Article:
The idea that fascinated me the most was the involvement of the policemen with the scavengers and thieves. I was not very surprised that the policemen were corrupt because of the way many of the other people in the area seemed to act. However, I was surprised that any of the people from Annawadi were willing to work with them even though many of them were afraid of the police. Also, towards the end of the chapter I became more curious about exactly how much control the police had over the people they worked with.

Kiara Gay said...

The concept that I thought was interesting was that the people in the story have to live such scandalous lives in order to survive in a place where everyone is poor and struggling. I think this caught my attention the most because I think about my own life and others around me and see how easy we have it when it comes to getting things handed to us without having to work nearly as hard as these people do to get it. But then you also question, is it right to hustle someone out of their own possessions, or steal just to survive, or does a life of misfortune lead to having no values or morals because being hungry and satisfying desires is all one knows?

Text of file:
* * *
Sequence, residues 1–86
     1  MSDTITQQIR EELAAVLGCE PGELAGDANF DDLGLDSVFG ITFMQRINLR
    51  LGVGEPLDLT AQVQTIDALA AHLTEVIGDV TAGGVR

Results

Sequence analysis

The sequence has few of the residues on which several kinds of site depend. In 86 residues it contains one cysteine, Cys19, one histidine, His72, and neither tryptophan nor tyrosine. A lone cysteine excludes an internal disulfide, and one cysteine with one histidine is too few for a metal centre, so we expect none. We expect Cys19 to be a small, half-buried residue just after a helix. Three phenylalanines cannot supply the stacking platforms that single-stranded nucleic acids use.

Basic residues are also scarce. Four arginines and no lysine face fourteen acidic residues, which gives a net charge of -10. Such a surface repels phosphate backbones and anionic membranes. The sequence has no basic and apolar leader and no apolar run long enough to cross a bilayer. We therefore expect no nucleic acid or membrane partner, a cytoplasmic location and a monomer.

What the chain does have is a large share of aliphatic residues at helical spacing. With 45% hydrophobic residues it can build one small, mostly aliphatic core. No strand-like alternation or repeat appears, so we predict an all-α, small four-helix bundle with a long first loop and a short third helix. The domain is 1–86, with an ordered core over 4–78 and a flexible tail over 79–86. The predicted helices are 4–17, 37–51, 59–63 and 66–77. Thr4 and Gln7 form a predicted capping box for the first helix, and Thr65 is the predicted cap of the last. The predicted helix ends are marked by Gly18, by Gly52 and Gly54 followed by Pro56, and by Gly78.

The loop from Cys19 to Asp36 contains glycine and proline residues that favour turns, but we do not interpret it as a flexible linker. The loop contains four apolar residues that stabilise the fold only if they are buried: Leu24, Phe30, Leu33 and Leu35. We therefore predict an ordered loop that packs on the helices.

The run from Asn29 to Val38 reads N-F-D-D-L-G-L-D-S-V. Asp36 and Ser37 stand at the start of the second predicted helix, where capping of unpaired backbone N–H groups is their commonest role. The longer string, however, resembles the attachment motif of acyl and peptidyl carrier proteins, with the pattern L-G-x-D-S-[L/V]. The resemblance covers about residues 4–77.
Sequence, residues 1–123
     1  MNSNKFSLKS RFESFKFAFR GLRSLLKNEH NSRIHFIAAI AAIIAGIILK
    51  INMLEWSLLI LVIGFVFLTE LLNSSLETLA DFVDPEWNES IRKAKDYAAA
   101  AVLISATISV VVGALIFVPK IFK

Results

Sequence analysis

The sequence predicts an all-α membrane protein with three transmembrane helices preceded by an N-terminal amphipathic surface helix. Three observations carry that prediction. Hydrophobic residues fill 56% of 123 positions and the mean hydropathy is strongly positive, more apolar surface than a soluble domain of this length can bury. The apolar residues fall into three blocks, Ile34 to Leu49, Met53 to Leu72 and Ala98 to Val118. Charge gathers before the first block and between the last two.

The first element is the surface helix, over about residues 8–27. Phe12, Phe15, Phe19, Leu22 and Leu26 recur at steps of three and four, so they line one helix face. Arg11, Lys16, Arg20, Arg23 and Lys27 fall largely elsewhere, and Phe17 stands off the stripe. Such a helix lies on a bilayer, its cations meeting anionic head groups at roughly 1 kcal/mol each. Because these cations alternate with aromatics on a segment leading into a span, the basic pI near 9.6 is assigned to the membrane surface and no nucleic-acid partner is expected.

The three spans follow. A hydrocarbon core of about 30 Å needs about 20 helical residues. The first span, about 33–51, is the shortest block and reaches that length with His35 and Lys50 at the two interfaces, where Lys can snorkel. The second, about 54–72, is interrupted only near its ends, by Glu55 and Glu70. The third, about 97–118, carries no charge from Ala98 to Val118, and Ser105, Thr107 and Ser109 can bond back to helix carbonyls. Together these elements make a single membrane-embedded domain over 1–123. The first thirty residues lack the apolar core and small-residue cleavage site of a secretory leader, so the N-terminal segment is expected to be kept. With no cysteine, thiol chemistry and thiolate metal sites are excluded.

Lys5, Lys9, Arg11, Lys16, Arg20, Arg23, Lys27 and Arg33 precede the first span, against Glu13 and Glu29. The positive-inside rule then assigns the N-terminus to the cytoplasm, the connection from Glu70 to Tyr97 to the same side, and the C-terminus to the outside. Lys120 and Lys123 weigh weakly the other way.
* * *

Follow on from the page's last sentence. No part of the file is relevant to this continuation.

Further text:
Jessica LW said...

The idea that fascinated me the most in chapter 3 is Sunil stealing items from his father for food. The living conditions were that poor that he had to steal from his own father. He stole his father's sandal and cooking pot. He even sold his own shoes for rice. Sunil's story of scavenging for food has shown how desperate and poor the people were in the town.

Ashley Bass said...

What fascinated me the most in chapter 3 was how Sunil acted when it came to him eating and getting food. Instead of begging for food like everyone else, he decided to restrain and hope someone would notice and reward him for not begging. Soon this became his concept throughout life. "But by then, the habit of not asking anyone for anything had become a part of who he was". I thought this was interesting because it shows how one thing someone goes through can shape who they are for the rest of their lives.